Since the beginning of the year, the greenback has shown it's not almighty after all; and gold - the barbarous relic as some have called it - may be en vogue again? Where are we going from here and what are the implications for investors?

Like everything else, the value of currencies and gold is generally driven by supply and demand. A key driver (but not the only driver!) is the expectation of differences in real interest rates. Note the words 'perception' and 'real.' Just like when valuing stocks, expectations of future earnings may be more important than actual earnings; and to draw a parallel to real interest rates, i.e. interest rates net of inflation, one might be able to think of them as GAAP earnings rather than non-GAAP earnings. GAAP refers to 'Generally Accepted Accounting Principles', i.e. those are real-deal; whereas non-GAAP earnings are those management would like you to focus on. Similarly, when it comes to currencies, you might be blind-sided by high nominal interest rates, but when you strip out inflation, the real rate might be far less appealing.

It's often said that gold doesn't pay any interest. That's true, of course, but neither does cash. Cash only pays interest if you loan it to someone, even if it's only a loan to your bank through a deposit. Similarly, an investor can earn interest on gold if they lease the gold out to someone. Many investors don't want to lease out their gold because they don't like to accept the counterparty risk. With cash, the government steps in to provide FDIC insurance on small deposits to mitigate such risk.

While gold doesn't pay any interest, it's also very difficult to inflate gold away: ramping up production in gold is difficult. Our analysis shows, the current environment has miners consolidating, as incentives to invest in increasing production have been vastly reduced. We draw these parallels to show that the competitor to gold is a real rate of return investors can earn on their cash. For U.S. dollar based investors, the real rate of return versus what is available in the U.S. may be most relevant. When it comes to valuations across currencies, relative real rates play a major role.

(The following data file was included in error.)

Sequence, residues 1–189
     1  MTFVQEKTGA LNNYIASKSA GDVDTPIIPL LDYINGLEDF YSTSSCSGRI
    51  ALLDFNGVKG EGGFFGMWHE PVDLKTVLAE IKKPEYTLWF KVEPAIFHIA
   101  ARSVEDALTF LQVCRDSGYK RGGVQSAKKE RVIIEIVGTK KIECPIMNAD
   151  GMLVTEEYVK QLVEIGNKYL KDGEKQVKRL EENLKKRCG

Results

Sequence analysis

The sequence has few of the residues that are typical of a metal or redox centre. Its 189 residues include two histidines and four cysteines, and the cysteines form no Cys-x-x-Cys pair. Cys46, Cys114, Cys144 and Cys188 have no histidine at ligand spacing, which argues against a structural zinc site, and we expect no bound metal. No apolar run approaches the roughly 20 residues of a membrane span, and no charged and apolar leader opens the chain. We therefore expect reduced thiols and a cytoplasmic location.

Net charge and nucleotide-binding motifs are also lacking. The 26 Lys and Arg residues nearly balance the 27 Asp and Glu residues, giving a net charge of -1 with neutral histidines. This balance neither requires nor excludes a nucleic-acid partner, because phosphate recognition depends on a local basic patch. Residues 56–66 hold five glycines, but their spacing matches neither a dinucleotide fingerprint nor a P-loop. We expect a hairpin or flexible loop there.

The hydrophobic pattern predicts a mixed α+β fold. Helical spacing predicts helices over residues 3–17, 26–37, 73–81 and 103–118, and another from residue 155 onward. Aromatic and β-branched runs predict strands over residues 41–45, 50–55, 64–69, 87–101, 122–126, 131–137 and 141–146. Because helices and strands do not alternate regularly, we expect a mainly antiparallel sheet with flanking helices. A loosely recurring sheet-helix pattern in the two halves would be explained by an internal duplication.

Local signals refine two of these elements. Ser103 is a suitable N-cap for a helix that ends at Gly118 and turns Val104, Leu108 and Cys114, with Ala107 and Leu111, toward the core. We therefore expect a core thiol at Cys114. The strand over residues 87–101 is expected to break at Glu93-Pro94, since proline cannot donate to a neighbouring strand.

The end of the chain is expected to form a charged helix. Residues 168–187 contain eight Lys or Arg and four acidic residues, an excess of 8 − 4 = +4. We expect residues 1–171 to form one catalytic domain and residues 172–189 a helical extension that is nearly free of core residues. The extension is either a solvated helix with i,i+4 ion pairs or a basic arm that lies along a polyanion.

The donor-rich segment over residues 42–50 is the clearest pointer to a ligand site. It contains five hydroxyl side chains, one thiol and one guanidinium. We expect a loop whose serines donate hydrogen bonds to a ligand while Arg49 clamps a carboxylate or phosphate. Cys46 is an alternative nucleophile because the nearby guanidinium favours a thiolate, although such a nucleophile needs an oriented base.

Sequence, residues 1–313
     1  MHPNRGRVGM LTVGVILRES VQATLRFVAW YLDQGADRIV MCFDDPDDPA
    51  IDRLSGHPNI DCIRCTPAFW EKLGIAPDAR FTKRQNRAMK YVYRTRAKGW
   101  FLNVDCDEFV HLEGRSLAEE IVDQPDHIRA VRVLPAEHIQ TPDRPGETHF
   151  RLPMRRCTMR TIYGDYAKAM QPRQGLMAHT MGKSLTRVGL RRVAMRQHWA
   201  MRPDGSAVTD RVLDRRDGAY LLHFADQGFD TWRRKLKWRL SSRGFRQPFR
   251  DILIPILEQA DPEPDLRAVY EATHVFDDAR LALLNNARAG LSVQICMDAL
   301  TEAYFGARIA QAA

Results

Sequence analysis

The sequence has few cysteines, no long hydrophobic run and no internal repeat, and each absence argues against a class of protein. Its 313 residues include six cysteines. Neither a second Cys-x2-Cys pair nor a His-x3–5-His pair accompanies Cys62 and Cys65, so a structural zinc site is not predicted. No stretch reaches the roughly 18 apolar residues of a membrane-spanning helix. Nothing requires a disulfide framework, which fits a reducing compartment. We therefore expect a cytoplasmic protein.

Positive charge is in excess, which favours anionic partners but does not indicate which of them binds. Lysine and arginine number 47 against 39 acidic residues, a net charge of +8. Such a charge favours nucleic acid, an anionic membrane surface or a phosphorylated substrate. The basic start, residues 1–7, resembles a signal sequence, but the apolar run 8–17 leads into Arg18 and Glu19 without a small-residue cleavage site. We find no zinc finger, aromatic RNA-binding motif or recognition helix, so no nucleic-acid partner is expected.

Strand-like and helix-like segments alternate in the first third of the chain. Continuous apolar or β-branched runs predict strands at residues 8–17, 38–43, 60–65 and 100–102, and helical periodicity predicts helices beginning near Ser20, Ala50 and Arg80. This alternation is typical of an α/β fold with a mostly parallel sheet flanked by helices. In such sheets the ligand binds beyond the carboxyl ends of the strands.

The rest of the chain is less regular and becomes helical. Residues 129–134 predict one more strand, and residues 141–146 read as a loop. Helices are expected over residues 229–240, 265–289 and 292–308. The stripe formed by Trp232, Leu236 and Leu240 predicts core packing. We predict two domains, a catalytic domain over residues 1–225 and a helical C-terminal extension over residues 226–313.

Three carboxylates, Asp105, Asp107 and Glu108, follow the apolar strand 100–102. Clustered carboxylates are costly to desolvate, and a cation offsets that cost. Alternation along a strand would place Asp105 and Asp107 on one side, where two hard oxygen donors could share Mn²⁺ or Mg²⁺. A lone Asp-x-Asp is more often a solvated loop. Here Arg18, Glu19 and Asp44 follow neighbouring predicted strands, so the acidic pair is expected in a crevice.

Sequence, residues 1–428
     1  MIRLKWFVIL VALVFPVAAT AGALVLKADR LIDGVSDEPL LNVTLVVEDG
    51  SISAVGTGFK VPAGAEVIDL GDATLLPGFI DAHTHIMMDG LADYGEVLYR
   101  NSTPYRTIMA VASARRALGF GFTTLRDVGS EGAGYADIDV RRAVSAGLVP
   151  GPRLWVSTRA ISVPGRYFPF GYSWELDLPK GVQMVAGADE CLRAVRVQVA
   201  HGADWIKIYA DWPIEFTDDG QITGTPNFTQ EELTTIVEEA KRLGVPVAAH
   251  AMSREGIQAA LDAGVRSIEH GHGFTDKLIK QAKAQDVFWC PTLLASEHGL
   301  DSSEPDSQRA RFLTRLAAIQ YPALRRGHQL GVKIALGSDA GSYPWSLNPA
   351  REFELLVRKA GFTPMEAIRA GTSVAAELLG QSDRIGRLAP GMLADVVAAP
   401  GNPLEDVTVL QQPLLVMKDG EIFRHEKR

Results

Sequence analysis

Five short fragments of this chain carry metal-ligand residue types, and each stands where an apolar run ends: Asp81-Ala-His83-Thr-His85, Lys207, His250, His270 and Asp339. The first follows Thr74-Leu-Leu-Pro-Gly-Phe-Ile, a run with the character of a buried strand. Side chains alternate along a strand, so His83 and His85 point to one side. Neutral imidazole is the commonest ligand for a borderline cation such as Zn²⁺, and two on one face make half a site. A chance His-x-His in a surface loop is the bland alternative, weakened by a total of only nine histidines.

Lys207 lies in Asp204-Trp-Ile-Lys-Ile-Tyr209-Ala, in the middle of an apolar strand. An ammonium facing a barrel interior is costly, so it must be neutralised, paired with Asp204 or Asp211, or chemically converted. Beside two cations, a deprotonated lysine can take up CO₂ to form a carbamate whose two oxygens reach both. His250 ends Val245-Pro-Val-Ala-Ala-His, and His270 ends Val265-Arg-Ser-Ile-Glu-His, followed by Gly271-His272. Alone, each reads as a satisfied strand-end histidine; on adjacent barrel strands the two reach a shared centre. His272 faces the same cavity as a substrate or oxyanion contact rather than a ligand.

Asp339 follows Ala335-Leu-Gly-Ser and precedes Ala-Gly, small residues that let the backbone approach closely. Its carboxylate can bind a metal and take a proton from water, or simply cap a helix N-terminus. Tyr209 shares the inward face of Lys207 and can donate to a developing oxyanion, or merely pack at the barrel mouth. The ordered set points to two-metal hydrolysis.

So let's commit the first sin in valuation: we talk about expectations, but then look at current rates, since those are more readily available. When it comes to real interest rates, such a fool's game is exacerbated by the fact that many question the inflation metrics used. We show those metrics anyway, because not only do we need some sort of starting point for an analysis, but there's one good thing about these inflation metrics, even if one doesn't agree with them: they are well defined. Indeed, I have talked to some of the economists that create these numbers; they take great pride in them and try to be meticulous in creating them. To the cynic, this makes such metrics precisely wrong. To derive the real interest rate, one can use a short-term measure of nominal rates (e.g. the 3 month T-Bill, yielding 0.26% as of this writing), then deducting the rate of inflation below:

The short of it is that, based on the measures above, real interest rates are negative. If you then believe inflation might be understated, well, real interest rates may be even more negative. When real interest rates are negative, investing cash in Treasury Bills is an assured way of losing purchasing power; it's also referred to as financial repression.

Let's shift gears towards the less precise, but much more important world of expectations. We all know startups that love to issue a press release for every click they receive on their website. Security analysts ought to cut through the noise and focus on what's important. You would think that more mature firms don't need to do this, but the CEOs of even large companies at times seem to feel the urge to run to CNBC's Jim Cramer to put a positive spin on the news affecting their company.

When it comes to currencies, central bankers are key to shaping expectations, hence the focus on the "Fed speak" or the latest utterings coming from European Central Bank (ECB) President Draghi or Bank of Japan's (BoJ) Kuroda. One would think that such established institutions don't need to do the equivalent of running to CNBC's Mad Money, but - in our view - recent years have shown quite the opposite. On the one hand, there's the obvious noise: the chatter, say, by a non-voting Federal Open Market Committee (FOMC) member. On the other hand, there are two other important dimensions: one is that such noise is a gauge of internal dissent; the other is that such noise may be used as a guidance tool. In fact, the lack of noise may also be a sign of dissent: we read Fed Vice Chair Fischer's absence from the speaking circuit as serious disagreement with the direction Fed Chair Yellen is taking the Fed in; indeed, we are wondering aloud when Mr. Fischer will announce his early retirement.